Route change, bigger pipeline on table

  • By Tim Bradner
  • Sunday, June 28, 2015 9:55pm
  • News

Gov. Bill Walker is working to put his imprint on the Alaska LNG Project, the $50 billion-plus North Slope natural gas pipeline and liquefied gas export project.

The state is a 25 percent partner in the project with North Slope producers BP, ConocoPhillips and ExxonMobil Corp. and, so far, with pipeline company TransCanada Corp.

Walker is considering changes in an agreement with TransCanada to be the state’s partner on its 25 percent of the “midstream” pipeline and North Slope gas treatment plant. The state-owned Alaska Gas Development Corp., the state is fully managing, however, its 25 percent share of the LNG plant planned at Nikiski.

The governor is now asking for additional changes in the project. In a June 8 letter to the three North Slope producers, Walker asked for an enlargement of the pipe size from a 42-inch diameter size to 48 inches so as to be able accommodate more gas in the future. Walker indicated that the state would be willing to pay for the additional capacity, subject to legislative approval, but would also own the added space.

Additionally, the governor asked for a change in the pipeline routing to cross Cook Inlet using a route from near Port MacKenzie in the Matanuska-Susitna Borough rather than a more western route to Tyonek now planned by the Alaska LNG Project team.

The eastern route would put the pipe closer to major population areas, the governor wrote.

Finally, Walker asked for a major decision on the way the partners, including the state, would market their respective shares of LNG from the project and address upstream issues. The governor is proposing a joint-venture marketing organization formed by the partners in lieu of a plan for “equity” marketing, or each partner selling its own share of LNG on its own.

Either alternative could work under Senate Bill 138, the state enabling legislation passed in 2014. The state has the option of contracting with one or more of the producing companies to market its 25 percent LNG share or forming a state gas marketing group. However, the joint-marketing approach is also on the table.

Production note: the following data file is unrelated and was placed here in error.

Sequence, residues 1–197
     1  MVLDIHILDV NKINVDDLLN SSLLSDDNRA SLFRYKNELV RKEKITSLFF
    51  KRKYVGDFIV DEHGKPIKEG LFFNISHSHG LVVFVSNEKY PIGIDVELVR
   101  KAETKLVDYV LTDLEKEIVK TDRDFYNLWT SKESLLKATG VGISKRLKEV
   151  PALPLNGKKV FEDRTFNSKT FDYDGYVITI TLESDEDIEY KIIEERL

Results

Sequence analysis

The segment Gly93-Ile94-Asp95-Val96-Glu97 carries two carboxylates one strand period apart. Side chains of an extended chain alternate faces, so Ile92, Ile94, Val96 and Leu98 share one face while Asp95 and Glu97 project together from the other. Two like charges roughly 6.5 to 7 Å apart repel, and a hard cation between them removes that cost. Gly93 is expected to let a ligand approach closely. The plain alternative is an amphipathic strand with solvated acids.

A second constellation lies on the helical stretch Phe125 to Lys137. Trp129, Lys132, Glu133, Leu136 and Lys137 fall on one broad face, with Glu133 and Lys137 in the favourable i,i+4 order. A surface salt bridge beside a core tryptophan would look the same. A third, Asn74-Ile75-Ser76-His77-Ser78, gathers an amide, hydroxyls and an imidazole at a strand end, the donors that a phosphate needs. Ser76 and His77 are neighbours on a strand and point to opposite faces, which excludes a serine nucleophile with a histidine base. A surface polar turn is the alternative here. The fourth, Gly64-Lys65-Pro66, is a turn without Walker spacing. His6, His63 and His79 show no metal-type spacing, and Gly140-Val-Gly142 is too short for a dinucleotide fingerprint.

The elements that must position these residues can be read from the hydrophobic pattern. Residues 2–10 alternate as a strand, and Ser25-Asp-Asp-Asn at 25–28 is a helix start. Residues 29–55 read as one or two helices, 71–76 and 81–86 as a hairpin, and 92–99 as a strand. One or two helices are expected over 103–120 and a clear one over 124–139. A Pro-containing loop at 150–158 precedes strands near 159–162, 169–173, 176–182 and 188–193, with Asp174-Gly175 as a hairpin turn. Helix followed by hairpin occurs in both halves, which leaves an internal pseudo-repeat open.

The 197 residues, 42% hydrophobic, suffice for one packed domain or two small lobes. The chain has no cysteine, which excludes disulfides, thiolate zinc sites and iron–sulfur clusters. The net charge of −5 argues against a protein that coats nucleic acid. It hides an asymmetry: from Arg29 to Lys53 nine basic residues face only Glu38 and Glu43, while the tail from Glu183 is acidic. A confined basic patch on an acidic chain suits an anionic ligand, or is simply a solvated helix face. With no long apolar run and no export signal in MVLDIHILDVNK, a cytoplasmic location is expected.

Since the letter was sent, the governor has met with each of the three producing companies on the proposed changes, said Walker’s press secretary, Katie Marquette.

“The Governor’s letter provides a broad framework for moving the project forward,” said ConocoPhillips spokesperson Natalie Lowman told the Journal June 23. “It provides fair and reasonable solutions to what we believe are key commercial issues: the gas supply agreement and LNG marketing arrangements. The letter also provides a basis for discussion of several other major issues that we believe can be resolved.”

In support of the pipe expansion Walker wrote in his letter, “Constructing a 48-inch line will alleviate the issues of access and expansion.

“The producers have said they do not need or want a 48-inch line. The state is willing to pay for this expansion, subject to legislative approval, but it would own all of the benefits of the increased size.

“The state would also pay for installing the valves and pads to accommodate four more compressor stations that will be added when demand exists from new developments or fields. The state intends to use this expansion capacity to encourage access.”

Under Federal Energy Regulatory Commission rules, non-discriminatory access to the pipeline would be guaranteed but Walker is concerned that the physical constraints of the current design will place limits on how much new gas can be shipped.

There is currently no estimate for the cost for enlarging the pipe, but Audie Setters, the state’s new gas project coordinator, said building in extra capacity for at least the pipe might be cost-effective if done at the outset, because incremental additions can be done when the additional gas is found for the gas treatment plant on the slope and the LNG plant at Nikiski.